A new research study in Sweden shows that the injury prevention programme Knee Control reduces the risk of acute injuries in floorball by 45 percent.

These are important results and the effect is bigger than most people could have expected, says Swedish Floorball Federation’s Development Manager Anders Jonsson.

In floorball, players are at risk of suffering mainly ankle and knee injuries. Now a research group at the Linköping University, led by Martin Hägglund and Ida Åkerlund, has investigated how the programme Knee Control affects the risk of injury.

Nearly 500 players aged 12-17, from 47 different teams, have participated in the research study. During one season, one group was allowed to use the Knee Control warm-up programme for all workouts and matches, while the other group continued to work out as usual without the programme.

Thereafter, the occurrence of injuries that had taken place during the season for both groups was measured. It showed that the risk of acute injury for those who used Knee Control decreased by 45 percent.

– These are important results and proof that the exercises work. It is gratifying that only 15 minutes of special training can make a difference – a much greater difference than most people could have expected, Anders Jonsson, comments.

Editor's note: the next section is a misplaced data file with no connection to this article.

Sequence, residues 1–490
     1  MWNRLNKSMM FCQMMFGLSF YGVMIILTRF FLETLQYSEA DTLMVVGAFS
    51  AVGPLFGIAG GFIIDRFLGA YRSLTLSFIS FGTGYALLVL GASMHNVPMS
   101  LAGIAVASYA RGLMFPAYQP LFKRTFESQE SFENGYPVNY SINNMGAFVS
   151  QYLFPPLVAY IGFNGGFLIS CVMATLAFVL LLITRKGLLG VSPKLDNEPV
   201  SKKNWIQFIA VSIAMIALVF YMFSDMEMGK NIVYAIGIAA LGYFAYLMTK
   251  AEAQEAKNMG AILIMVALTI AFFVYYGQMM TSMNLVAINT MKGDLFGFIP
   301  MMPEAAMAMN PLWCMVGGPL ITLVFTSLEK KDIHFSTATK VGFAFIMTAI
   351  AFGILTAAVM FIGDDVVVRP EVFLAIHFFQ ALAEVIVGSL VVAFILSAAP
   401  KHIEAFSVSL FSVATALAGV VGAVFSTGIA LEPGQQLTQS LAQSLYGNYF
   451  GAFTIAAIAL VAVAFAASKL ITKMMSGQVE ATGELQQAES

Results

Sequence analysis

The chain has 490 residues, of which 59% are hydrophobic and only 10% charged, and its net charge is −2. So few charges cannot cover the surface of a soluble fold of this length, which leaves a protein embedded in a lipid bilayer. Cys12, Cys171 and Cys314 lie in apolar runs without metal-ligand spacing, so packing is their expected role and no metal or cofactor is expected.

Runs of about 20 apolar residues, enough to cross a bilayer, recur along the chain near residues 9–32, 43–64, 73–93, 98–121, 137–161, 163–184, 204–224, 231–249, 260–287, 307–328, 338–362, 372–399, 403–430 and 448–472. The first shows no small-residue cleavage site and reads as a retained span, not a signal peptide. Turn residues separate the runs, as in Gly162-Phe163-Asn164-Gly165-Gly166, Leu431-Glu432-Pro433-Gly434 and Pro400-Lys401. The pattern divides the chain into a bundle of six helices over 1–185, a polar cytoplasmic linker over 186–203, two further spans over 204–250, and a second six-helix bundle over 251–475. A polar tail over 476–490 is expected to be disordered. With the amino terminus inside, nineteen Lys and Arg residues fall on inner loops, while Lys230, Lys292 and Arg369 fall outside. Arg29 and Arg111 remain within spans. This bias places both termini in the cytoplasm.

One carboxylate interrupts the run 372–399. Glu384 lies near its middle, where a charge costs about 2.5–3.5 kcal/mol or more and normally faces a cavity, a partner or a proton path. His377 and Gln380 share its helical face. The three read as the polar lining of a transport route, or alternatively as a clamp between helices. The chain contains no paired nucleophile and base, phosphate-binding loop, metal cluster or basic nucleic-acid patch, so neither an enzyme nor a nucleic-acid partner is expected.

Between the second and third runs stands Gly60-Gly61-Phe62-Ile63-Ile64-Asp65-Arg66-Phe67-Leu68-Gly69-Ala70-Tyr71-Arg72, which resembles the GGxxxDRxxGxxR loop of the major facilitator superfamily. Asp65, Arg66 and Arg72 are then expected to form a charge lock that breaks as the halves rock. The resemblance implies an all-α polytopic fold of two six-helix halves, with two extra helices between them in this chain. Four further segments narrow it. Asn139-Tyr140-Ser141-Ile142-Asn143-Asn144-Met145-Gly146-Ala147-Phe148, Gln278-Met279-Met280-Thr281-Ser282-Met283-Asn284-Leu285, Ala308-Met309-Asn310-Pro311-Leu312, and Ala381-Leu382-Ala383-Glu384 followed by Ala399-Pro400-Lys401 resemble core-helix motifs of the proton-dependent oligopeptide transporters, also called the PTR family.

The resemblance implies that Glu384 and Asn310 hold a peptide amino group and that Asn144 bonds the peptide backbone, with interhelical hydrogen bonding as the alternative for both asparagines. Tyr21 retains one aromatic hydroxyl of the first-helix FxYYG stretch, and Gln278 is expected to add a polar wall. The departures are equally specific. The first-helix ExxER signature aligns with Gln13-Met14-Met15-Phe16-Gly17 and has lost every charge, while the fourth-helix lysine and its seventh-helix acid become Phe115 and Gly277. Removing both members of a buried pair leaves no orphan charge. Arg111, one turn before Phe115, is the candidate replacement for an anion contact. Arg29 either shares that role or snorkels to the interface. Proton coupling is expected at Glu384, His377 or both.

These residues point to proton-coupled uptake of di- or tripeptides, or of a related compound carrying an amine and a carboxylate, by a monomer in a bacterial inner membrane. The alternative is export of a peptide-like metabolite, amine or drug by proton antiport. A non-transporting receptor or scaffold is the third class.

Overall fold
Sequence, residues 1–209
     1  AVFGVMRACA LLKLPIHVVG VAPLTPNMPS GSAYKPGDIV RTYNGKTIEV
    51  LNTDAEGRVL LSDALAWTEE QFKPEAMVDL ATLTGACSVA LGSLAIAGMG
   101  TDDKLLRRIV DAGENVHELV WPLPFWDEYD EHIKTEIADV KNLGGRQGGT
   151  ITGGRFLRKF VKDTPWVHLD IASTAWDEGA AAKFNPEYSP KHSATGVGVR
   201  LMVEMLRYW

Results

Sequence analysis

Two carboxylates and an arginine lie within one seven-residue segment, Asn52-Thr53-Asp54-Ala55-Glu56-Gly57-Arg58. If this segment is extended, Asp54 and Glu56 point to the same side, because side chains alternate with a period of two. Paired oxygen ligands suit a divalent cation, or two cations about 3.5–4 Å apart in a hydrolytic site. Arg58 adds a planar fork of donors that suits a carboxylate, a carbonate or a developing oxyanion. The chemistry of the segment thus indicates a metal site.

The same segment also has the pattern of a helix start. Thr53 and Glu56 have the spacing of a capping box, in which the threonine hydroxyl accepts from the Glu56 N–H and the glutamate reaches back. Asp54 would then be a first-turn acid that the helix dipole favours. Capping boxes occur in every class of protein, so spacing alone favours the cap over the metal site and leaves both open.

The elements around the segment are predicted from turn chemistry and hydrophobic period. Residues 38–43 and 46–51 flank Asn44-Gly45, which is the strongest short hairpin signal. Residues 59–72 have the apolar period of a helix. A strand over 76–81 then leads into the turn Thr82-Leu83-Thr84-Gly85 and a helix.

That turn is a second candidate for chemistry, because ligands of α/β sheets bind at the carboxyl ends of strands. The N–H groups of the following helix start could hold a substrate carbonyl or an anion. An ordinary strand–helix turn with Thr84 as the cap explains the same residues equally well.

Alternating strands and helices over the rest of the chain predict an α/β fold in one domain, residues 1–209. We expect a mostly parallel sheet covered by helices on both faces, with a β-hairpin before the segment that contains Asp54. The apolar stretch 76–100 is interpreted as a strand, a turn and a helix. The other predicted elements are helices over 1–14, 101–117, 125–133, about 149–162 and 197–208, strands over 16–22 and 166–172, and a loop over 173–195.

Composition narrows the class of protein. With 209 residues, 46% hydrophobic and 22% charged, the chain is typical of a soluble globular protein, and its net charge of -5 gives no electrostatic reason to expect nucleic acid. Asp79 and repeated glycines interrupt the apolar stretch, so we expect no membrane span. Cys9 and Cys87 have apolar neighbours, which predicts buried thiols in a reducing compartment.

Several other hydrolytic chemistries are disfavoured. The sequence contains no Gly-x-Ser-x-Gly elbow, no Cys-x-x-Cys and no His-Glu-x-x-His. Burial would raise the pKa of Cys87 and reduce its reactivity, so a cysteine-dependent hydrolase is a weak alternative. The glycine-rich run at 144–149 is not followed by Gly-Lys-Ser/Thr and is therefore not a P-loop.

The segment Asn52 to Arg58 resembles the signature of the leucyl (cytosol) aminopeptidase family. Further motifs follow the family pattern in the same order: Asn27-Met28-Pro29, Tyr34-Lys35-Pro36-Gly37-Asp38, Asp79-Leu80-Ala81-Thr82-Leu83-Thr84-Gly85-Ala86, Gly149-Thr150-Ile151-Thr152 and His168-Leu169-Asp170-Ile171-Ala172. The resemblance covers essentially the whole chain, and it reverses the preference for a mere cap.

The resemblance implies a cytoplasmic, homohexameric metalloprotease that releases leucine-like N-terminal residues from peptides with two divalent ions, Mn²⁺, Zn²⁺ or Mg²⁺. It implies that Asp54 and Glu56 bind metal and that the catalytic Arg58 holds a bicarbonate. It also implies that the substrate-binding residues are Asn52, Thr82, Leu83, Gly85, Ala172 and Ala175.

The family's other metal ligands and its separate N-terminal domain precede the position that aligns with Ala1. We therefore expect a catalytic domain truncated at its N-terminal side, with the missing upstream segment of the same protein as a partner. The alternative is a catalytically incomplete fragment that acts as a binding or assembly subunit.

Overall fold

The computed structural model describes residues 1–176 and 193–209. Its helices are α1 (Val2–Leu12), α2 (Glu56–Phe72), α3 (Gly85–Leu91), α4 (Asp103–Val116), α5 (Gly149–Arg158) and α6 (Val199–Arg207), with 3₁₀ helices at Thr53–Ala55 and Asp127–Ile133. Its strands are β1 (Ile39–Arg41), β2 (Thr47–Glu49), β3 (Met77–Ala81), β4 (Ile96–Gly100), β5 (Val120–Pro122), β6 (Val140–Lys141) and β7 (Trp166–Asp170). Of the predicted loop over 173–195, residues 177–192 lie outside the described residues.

– The study shows that regular training with Knee Control is an effective tool to reduce the risk of injury, a message that every youth leader should absorb. The teams that participated in the study have done the training in an excellent way and have shown that even with limited resources this can work, says Professor Martin Hägglund, principal researcher of the study.

The study has received support from the Floorball Competence Centre (Innebandyns kompetenscentrum, IKC) in Umeå. Now, the Swedish Floorball Federation will evaluate how the programme can become a larger part of the associations’ daily activities.

– This should be an eye opener for all clubs that have not yet used the programme. I hope there will be a difference in the future, but at the same time it requires work on our part to spread the knowledge, Anders Jonsson, concludes.

The study was led by four researchers at Linköping University: Martin Hägglund, Ida Åkerlund, Markus Waldén and Sofi Sonesson, with financial support from the Swedish Research Council and the Centre for Sports Research.

The Knee Control programme was developed by Folksam, Sisu and the Swedish Football Association. The study has been published in BMJ here. More information about Knee Control programme and training is found here.

Results support earlier research

Similar studies have been conducted earlier by Finnish researcher Kati Pasanen. She has for example investigated the floorball injuries in women’s floorball and how injury prevention programmes reduced the injury risk: Floorball injuries: epidemiology and injury prevention by neuromuscular training (2009) and Floorball Injuries – Epidemiology and Prevention (2019).

Kati Pasanen, who is currently the Assistant Professor at the Sport Injury Prevention Research Centre in the University of Calgary, Canada, has also been the head researcher of the IFF Injury Studies. The first study about Injuries during international floorball tournaments 2012 -2015 was published in 2017 and the IFF has continued to collect injury data with the aim to publish more research studies in the future.

 

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